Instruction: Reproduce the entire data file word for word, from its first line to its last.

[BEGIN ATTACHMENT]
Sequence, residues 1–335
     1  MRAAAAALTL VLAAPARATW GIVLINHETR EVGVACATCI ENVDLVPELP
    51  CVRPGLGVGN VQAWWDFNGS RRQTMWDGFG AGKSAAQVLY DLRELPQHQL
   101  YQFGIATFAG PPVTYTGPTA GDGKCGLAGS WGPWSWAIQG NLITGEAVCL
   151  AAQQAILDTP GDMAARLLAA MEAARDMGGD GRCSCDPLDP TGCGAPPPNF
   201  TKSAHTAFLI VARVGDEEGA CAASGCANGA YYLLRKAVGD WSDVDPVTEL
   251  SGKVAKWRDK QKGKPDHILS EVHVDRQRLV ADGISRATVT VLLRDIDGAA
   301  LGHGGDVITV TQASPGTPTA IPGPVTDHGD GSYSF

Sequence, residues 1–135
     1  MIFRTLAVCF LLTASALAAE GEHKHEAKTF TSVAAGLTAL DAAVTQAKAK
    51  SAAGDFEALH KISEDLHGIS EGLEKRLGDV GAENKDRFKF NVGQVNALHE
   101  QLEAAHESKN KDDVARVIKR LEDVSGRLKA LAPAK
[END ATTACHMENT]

Sequence, residues 1–335
     1  MRAAAAALTL VLAAPARATW GIVLINHETR EVGVACATCI ENVDLVPELP
    51  CVRPGLGVGN VQAWWDFNGS RRQTMWDGFG AGKSAAQVLY DLRELPQHQL
   101  YQFGIATFAG PPVTYTGPTA GDGKCGLAGS WGPWSWAIQG NLITGEAVCL
   151  AAQQAILDTP GDMAARLLAA MEAARDMGGD GRCSCDPLDP TGCGAPPPNF
   201  TKSAHTAFLI VARVGDEEGA CAASGCANGA YYLLRKAVGD WSDVDPVTEL
   251  SGKVAKWRDK QKGKPDHILS EVHVDRQRLV ADGISRATVT VLLRDIDGAA
   301  LGHGGDVITV TQASPGTPTA IPGPVTDHGD GSYSF

Sequence, residues 1–135
     1  MIFRTLAVCF LLTASALAAE GEHKHEAKTF TSVAAGLTAL DAAVTQAKAK
    51  SAAGDFEALH KISEDLHGIS EGLEKRLGDV GAENKDRFKF NVGQVNALHE
   101  QLEAAHESKN KDDVARVIKR LEDVSGRLKA LAPAK